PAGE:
While your clients are certainly interested in how long a project will take, it’s better to tell them what your solution will do for their business. With individual services and fees listed, this changes their focus from value to time. And if your clients don’t like the amount of time it’s going to take, they will go to another designer who can complete the project faster.

4. Give Them Choices

In addition to your original solution, you should offer your clients a few more options. With more than one option, this changes the estimate from a yes or no decision into a choice of service level. Your clients could purchase the original, basic solution, or they could select an enhanced, premium version.

Make sure that your options are extensions and not add-ons. So for the original example of doing a marketing website redesign, natural up-sells would be these:

Note that the extension options are also bundled and feature one single price.

Here’s another example if you run a social media service. Your basic solution is to manage your client’s Twitter account. An enhanced option would be to manage the Twitter account and get 1,000 followers per month. The premium option would be to manage the account, get 1,000 followers, and get 10 influencers per month.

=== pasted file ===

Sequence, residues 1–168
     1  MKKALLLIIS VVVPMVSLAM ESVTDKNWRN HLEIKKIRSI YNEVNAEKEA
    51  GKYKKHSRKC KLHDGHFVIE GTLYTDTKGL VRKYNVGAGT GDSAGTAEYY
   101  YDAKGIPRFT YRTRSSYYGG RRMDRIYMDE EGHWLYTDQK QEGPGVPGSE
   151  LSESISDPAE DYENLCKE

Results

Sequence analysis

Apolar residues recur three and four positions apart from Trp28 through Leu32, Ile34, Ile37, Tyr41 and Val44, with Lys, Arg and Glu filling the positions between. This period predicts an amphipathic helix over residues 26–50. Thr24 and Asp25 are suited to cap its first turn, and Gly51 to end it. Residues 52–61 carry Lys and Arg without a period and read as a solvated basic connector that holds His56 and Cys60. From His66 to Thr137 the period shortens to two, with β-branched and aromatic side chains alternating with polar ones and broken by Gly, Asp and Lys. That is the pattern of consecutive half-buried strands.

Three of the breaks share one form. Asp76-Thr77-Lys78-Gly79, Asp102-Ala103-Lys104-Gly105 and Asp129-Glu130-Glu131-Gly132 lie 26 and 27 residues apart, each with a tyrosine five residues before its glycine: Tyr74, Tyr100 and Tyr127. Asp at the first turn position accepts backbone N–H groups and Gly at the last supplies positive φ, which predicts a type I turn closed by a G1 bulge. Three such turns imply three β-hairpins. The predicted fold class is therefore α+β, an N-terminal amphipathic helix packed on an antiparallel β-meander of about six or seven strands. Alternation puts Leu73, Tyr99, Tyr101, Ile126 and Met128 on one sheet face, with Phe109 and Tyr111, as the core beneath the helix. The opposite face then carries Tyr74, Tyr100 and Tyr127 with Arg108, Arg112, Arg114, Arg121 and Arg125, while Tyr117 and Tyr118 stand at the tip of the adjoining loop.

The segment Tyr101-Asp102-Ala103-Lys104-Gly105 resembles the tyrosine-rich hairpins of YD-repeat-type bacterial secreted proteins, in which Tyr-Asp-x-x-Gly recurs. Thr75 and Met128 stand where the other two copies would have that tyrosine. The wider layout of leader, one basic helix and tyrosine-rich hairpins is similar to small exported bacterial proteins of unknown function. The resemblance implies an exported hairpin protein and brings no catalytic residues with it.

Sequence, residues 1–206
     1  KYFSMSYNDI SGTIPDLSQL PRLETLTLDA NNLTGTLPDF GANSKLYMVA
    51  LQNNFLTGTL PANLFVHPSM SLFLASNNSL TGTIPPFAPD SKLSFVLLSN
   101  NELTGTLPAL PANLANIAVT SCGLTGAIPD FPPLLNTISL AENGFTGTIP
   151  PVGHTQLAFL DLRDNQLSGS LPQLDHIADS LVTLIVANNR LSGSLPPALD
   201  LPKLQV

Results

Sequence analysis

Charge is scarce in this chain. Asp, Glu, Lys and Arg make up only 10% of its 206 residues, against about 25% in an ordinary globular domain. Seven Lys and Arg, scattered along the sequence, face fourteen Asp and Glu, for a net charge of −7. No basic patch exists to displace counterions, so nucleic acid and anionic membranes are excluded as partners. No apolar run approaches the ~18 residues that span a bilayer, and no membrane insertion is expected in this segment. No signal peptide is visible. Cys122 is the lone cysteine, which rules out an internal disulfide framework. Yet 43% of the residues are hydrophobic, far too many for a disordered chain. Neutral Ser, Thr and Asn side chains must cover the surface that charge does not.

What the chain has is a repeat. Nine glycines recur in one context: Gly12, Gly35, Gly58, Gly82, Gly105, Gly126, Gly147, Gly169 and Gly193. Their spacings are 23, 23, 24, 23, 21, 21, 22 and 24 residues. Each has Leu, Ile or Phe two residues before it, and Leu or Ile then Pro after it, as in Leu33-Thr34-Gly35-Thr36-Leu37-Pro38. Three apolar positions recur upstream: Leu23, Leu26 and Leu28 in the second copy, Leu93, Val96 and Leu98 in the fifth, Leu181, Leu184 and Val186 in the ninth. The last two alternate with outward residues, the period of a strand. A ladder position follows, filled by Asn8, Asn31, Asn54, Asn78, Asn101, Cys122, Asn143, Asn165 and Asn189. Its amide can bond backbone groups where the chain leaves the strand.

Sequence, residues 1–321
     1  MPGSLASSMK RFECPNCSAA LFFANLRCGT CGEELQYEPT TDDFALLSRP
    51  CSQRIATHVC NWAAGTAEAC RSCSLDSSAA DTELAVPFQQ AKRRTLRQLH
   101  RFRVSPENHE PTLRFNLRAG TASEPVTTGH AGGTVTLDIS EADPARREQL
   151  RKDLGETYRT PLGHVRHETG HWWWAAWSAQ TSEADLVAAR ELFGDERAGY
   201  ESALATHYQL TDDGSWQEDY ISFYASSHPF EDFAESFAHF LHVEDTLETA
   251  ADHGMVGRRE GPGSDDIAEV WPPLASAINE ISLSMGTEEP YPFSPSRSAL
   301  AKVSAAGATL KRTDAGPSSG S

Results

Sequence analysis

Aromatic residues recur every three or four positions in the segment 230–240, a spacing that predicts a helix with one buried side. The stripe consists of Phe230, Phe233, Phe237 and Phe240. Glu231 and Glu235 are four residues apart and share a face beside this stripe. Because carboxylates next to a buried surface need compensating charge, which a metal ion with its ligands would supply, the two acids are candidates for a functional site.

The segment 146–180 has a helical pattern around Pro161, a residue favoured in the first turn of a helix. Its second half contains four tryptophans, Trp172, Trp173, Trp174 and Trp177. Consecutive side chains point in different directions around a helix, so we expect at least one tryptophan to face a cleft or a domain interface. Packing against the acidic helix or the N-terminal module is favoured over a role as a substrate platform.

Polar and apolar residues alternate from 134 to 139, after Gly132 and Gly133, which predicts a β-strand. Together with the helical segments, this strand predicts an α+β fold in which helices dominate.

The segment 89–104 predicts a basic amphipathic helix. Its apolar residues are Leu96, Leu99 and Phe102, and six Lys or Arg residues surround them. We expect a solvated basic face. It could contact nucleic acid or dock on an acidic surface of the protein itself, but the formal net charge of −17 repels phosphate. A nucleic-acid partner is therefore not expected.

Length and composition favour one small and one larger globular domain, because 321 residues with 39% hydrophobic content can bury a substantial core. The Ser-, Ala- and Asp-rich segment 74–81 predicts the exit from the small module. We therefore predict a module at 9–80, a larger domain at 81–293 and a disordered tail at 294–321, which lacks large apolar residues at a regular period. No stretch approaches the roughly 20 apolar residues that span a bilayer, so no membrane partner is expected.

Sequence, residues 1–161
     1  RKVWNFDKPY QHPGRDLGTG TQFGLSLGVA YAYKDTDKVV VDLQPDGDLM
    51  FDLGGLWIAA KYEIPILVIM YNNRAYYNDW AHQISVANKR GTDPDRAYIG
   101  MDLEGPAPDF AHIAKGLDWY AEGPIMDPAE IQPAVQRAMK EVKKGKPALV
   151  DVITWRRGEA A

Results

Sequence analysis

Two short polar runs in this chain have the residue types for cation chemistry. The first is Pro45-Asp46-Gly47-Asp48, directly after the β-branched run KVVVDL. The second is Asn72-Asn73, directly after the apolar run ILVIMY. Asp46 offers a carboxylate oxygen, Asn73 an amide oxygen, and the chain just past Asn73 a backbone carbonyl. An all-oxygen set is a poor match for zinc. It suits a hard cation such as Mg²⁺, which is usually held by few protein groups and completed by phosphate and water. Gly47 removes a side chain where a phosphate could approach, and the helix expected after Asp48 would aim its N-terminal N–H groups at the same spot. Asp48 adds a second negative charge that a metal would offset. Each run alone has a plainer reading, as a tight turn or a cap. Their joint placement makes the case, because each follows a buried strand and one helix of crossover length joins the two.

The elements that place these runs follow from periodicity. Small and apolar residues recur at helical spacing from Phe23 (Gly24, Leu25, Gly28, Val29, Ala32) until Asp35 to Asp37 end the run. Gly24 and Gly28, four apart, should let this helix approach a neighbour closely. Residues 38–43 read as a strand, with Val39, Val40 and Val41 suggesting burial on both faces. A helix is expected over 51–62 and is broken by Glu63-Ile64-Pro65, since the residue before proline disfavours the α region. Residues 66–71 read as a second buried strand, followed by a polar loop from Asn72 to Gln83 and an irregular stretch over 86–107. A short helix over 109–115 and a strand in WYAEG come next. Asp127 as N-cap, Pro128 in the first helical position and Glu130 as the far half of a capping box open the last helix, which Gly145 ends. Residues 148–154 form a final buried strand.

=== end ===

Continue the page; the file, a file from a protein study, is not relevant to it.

The best part about adding options? If you add the right up-sells, you could earn up to 30% more per client.

Just make sure that you don’t give your clients too many options. When presented with more than one or two extra extensions, your clients could get overwhelmed and choose to abandon your estimate.

5. Include a Call to Action

At the bottom of your estimate, you need to tell your clients exactly what to do next. Without giving them exact steps to take, you can draw out the process and potentially lose your client.